The second thing to understand is that it’s important to ensure you’re happy with your base salary vs. just settling. If you go into a job making less than you want/deserve, don’t expect you’ll be able to get what you want down the road because more often than not, you won’t. While you’ll sometimes have an opportunity to ask for more later on, many companies only give cost of living increases (~3%) each year, if that.
With that said, if you’re forced to take a lower starting point, you can try to make an agreement that you and your employer will re-evaluate your salary once you’ve had a chance to prove yourself, however, try to avoid this situation as it rarely works out and can create awkwardness on both sides.
If you’re unable to get to the base salary you want but still really want the job, try and see if there’s something else you can get. Maybe it’s more paid time off (three weeks instead of two) or perhaps even a more generous commission and/or bonus structure (e.g., if you’re in sales, you can ask for 10.5% of sales revenue instead of 10%).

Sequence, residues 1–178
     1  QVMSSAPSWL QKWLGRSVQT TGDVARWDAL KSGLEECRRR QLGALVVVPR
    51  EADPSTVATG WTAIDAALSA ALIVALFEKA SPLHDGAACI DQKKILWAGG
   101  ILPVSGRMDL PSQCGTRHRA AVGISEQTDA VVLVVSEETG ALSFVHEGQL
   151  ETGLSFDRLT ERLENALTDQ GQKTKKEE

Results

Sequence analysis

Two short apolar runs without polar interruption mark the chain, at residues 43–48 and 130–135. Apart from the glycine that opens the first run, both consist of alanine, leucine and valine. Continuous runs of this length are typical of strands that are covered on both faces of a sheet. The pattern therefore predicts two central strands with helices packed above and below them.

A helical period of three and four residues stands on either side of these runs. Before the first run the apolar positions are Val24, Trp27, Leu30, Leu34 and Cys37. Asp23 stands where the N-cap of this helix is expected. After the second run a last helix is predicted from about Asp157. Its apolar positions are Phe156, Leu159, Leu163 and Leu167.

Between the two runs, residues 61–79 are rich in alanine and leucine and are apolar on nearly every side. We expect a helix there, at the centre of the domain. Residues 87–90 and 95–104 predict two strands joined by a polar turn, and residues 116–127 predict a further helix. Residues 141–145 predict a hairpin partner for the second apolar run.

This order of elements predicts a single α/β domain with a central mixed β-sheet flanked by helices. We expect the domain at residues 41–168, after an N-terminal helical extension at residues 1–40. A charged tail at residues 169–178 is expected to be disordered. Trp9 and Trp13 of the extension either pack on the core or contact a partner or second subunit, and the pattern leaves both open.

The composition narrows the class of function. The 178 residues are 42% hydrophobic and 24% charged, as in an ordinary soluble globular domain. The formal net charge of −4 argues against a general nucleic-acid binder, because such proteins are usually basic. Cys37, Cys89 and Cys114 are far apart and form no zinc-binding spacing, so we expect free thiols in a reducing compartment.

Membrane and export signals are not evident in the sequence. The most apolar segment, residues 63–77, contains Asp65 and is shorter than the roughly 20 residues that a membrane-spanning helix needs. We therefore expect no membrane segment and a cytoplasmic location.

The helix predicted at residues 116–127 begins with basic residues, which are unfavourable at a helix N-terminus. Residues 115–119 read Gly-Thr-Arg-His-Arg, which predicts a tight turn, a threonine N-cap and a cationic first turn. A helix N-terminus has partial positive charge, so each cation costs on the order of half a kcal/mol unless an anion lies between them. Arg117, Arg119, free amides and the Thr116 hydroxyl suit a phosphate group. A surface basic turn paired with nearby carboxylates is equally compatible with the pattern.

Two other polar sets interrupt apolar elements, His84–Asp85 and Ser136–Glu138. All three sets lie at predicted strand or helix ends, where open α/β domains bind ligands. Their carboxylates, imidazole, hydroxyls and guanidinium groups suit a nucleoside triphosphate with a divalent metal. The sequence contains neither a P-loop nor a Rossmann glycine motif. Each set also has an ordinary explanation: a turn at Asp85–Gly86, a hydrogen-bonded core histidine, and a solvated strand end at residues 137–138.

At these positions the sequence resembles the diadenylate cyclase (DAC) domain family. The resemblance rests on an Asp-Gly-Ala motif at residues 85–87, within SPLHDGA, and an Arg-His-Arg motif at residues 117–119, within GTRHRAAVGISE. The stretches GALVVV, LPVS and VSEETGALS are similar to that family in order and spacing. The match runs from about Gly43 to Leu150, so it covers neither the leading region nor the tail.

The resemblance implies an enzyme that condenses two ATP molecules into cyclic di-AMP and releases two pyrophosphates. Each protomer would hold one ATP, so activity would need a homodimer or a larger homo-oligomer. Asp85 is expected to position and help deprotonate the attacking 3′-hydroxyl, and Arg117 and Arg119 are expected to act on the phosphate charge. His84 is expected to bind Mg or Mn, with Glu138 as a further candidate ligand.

One hugely important thing to know that most people don’t realize (heck, I didn’t know this until recently) is that you DO NOT have to reveal your current compensation, even though most employers will ask for it during the recruiting and/or interviewing process. Instead, you can state what you want to make in the role. This is critical because you may have “grown up” in a company where you started relatively low on the compensation scale but turned out to be a superstar yet the employer never bumped you up to a level that makes sense for your contribution simply because they were never forced to do it.